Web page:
Gam-COVID-Vac, also known as Sputnik V, is a heterologous recombinant adenovirus-based SARS-CoV-2 vaccine that was well-tolerated and showed 91.6% efficacy against COVID-19 in people aged 18 years and older, according to an interim phase 3 analysis published in The Lancet.

In this randomized, double-blind, placebo-controlled, phase 3 trial ( identifier: NCT04530396) conducted in 25 hospitals and polyclinics in Moscow, Russia, researchers investigated whether a 2-dose Gam-COVID-Vac vaccine was safe and effective in preventing COVID-19 beginning the day of the second dose, or 21 days after the first dose. 

The final analysis included 19,866 adults (98.5% White; mean age, 45.3 years) randomly assigned in a 3:1 ratio to receive either a vaccine (n=14,964) or placebo (n=4902). These adults were stratified into 5 age groups: 18 to 30 years, 31 to 40 years, 41 to 50 years, 51 to 60 years, and over 60 years.

The participants in the vaccine and placebo cohorts were similar in age, sex, and comorbidity distribution. The median follow-up time was 48 days after the first dose (interquartile range [IQR], 39-58 days).

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From the day of the second vaccine dose (day 21), 0.1% (16/14,964) of participants from the vaccine cohort and 1.3% (62/4902) of participants from the placebo group were confirmed to have COVID-19, yielding a vaccine efficacy of 91.6% (95% CI, 85.6-95.2). Vaccine efficacy was 73.1% (95% CI, 63.7-80.1) any time after dose 1, with similar rates of disease onset between the 2 cohorts until 16 to 18 days after dose 1.

A subanalysis of 2144 adults older than 60 years showed vaccine efficacy at 91.8% (95% CI, 67.1-98.3).

Immunogenicity analyses at 42 days postvaccine showed robust receptor-binding domain (RBD)-specific antibodies and virus-neutralizing antibodies. Of the 342 participants analyzed for the presence of antibodies specific to the RBD of SARS-CoV-2 glycoprotein S in the vaccine group, RBD-specific immunoglobulin G as detected in 98% of participants (geometric mean titer, 8996; 95% CI, 7610-10,635; seroconversion rate, 98.25%). Compared with the other age groups, the 18 to 30 years old age group (P =.0065) had a stronger response.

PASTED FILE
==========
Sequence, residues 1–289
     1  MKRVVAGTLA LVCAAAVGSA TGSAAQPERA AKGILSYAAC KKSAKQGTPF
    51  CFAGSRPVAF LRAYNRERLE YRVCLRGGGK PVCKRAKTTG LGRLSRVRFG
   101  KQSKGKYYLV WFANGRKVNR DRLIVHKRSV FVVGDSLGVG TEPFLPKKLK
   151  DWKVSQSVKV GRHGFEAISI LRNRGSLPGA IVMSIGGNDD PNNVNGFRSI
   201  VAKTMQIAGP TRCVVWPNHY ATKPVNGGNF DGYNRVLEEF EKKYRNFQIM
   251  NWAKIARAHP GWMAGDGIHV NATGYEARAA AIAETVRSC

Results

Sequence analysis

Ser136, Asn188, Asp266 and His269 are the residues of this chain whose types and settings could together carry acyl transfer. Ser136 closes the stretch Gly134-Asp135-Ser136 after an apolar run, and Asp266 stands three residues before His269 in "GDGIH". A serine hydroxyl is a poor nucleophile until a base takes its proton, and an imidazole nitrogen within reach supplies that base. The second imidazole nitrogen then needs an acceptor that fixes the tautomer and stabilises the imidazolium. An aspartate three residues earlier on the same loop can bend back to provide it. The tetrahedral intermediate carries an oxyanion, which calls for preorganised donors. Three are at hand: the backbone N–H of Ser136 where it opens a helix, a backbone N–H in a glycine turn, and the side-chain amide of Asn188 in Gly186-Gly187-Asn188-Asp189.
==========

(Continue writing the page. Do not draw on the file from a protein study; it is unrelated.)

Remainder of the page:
Of the 72 participants analyzed for the presence of neutralizing antibodies in the vaccine group, the geometric mean titer was 44.5 (95% CI, 31.8-62.2) with a seroconversion rate of 95.83%.

The vaccine also induced a strong cellular immune response at 28 days postvaccine compared with day 1. Of the 44 participants in the vaccine cohort analyzed, all had significantly higher levels of IFN-γ secretion upon antigen restimulation (median, 32.77 pg/mL; IQR, 13.94-50.76).

Most reported adverse events were grade 1, and the most common were flulike illness, injection site reactions, headache, and lethargy. None of the serious adverse events were considered to be associated with vaccination. There were 4 deaths among the participants, but none were vaccine related.

The study was limited by its small sample size within the different age groups, exclusion of asymptomatic cases in the analysis, and its predominantly White population. In addition, researchers could not assess duration of protection due to the short follow-up time. The vaccine will need to be further investigated in more diverse populations, including pregnant women, immunosuppressed patients, and children and adolescents.

Although the vaccine has been approved for storage at 2 to 8 °C, this study used the liquid form of the vaccine, which requires storage at -18°C.

Disclosure: Several study authors declared affiliations with the pharmaceutical industry. Please see the original reference for a full list of authors’ disclosures.


Logunov DY, Dolzhikova IV, Shcheblyakov DV, et al; Gam-COVID-Vac Vaccine Trial Group. Safety and efficacy of an rAd26 and rAd5 vector-based heterologous prime-boost COVID-19 vaccine: an interim analysis of a randomised controlled phase 3 trial in Russia. Lancet. 2021;397(10275):671-681. doi:10.1016/S0140-6736(21)00234-8